Source: MGPHO Medical Gas, Impact of COVID-19 on Medical Gas System, via YouTube

2. Increase the Size of the Facility’s Vaporizers or Switch Between Vaporizers

Switching between vaporizers (most hospitals have more than one) more frequently, such as every six hours instead of 12 hours, prevents ice buildup.

(source: The Cold, Hard Work of Delivering Oxygen to Ventilators)

3. Increase the Number of Back-Up Canisters at the Hospital

Extra storage of canisters can serve as a backup in emergencies. 

Oxygen gas can be compressed and stored in cylinders. If possible, switch to larger oxygen cylinders. (Remember: larger oxygen cylinders are cumbersome and are dangerous if mishandled.) Cylinders can be installed within patient areas or by connecting them to manifold systems.

Determine if oxygen can be piped directly to the patients through the piping system or if it needs to be compressed and used in gas cylinders.

4. Adjust the Final Line Regulators To Increase the Entire System Pressure

If this approach is taken, it is vital to remain within the NFPA 99 limits of 50-55 psi. Be sure to adjust all area and master alarms' high and low-pressure setpoints to stay ±20% of the operating pressure.


Do not raise line pressure if the gauge and regulator show signs of freezing or ice buildup.

5. Keep Hospital Pipes Updated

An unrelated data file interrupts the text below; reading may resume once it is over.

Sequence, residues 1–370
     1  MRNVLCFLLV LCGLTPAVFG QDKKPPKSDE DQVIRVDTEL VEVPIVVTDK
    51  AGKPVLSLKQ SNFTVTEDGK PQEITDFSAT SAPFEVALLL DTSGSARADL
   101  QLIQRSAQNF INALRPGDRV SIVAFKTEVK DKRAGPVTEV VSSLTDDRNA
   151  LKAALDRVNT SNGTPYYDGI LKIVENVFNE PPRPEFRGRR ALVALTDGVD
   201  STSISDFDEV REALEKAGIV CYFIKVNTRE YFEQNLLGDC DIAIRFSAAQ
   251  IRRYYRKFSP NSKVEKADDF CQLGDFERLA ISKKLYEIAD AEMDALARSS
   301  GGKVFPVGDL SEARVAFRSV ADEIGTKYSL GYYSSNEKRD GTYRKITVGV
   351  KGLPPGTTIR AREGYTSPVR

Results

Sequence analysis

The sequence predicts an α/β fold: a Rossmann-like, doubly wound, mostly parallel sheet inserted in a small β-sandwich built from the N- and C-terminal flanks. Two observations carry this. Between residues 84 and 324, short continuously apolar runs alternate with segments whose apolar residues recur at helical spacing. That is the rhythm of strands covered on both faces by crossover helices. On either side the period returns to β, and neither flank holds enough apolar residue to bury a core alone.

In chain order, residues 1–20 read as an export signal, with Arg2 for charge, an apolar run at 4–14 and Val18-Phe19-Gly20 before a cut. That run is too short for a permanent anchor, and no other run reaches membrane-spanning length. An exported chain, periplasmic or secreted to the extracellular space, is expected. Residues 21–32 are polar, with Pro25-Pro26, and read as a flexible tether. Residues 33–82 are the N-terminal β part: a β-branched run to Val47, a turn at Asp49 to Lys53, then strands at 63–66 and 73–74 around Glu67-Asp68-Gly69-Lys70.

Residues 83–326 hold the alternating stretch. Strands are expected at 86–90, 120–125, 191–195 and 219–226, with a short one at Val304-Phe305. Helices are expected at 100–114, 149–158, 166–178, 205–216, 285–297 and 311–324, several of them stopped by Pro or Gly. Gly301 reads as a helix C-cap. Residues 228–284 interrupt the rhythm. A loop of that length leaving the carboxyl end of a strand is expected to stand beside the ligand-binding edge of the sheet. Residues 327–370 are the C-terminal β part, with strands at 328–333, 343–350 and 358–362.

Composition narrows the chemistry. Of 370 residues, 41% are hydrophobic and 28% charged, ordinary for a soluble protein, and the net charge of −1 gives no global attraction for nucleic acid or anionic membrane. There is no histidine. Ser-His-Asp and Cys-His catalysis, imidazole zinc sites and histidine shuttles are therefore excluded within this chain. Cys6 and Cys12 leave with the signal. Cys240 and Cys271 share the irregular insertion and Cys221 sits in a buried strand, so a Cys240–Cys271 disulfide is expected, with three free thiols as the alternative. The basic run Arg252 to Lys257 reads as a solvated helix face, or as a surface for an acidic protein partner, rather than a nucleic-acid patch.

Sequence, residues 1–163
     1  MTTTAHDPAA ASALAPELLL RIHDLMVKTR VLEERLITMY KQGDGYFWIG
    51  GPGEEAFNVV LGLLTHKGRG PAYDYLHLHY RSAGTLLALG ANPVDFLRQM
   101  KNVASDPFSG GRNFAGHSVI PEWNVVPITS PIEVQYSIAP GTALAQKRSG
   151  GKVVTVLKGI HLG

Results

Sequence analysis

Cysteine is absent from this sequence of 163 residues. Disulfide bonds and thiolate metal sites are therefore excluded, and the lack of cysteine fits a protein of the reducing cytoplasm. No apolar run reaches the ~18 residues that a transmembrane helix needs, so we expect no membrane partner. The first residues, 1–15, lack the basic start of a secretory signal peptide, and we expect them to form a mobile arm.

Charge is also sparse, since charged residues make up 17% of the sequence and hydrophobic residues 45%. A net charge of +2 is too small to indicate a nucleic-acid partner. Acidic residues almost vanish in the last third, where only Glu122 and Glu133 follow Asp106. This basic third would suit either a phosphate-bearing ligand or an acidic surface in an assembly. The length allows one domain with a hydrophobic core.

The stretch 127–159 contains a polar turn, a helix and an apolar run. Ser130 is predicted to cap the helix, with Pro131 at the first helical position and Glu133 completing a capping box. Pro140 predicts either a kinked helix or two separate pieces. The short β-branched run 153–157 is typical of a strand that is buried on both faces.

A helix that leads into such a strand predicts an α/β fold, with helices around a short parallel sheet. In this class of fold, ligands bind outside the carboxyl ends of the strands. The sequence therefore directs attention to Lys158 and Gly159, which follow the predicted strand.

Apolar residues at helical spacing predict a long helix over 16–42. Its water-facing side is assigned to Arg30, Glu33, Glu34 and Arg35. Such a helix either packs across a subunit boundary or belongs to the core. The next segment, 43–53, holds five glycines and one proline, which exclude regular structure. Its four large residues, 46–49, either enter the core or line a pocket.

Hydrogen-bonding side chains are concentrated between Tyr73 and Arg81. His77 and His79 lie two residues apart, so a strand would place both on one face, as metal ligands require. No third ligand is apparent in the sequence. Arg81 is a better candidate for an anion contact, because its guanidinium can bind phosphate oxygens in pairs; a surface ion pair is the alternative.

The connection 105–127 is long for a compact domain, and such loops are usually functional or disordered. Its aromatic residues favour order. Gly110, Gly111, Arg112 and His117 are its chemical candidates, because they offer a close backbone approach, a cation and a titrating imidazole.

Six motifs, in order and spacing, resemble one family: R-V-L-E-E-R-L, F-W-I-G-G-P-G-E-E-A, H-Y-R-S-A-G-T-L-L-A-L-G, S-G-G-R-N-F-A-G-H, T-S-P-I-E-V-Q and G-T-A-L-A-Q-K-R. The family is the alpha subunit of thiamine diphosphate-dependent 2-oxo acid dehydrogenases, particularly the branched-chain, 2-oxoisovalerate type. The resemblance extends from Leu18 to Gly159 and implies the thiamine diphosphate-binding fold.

Keep hospital pipes updated, so they are less apt to break down and can maintain the pressure needed to keep up with high demand during a crisis or an influx of patients.

Buildings are aging, and some are not equipped to house a large number of critical patients. Consider reaching out for an updated assessment of your medical gas system to evaluate the state of your hospital pipes.

6. Increase Air Circulation Around the Vaporizers

Most vaporizers rely on ambient air movement around the fins to allow the liquid oxygen to convert to gas. In times of increased demand, there are options available that to promote airflow and, in turn, reduce excessive icing.

Place fans around the vaporizer to increase airflow. Fans will continue to blow air through the vaporizers at a greater rate and help keep the icing down.

7. Ensure Proper Timing of Alternating Type Systems (if installed)

Hospitals are expected to maintain and continue operating without any interruptions or long delays.

"For larger hospitals, it is highly recommended to use multiple generators controlled by paralleling switchgear with intelligence (supervisory control and data acquisition and programmable logic controller). This will not only improve the reliability of the alternate source of power but also provide flexibility to add or shed loads as required among many other benefits." (source: Emergency and standby power in hospitals)  

8. Supply Additional Capacity of Oxygen Through the Emergency Oxygen Supply Connection (EOSC)

Installing a supplemental supply system can add extra capacity to the oxygen system.

Emergency oxygen supply connections (EOSC) are required by NFPA 99. Routine checks should be performed to ensure that they are operational and readily accessible, allowing for the connection of a temporary auxiliary mobile source. Facility and security staff are aware of the location of your facility's EOSC. (source)

9. Backfeed Medical Gas to Individual Zones

Backfeed areas of the hospital as needed to accommodate overconsumption.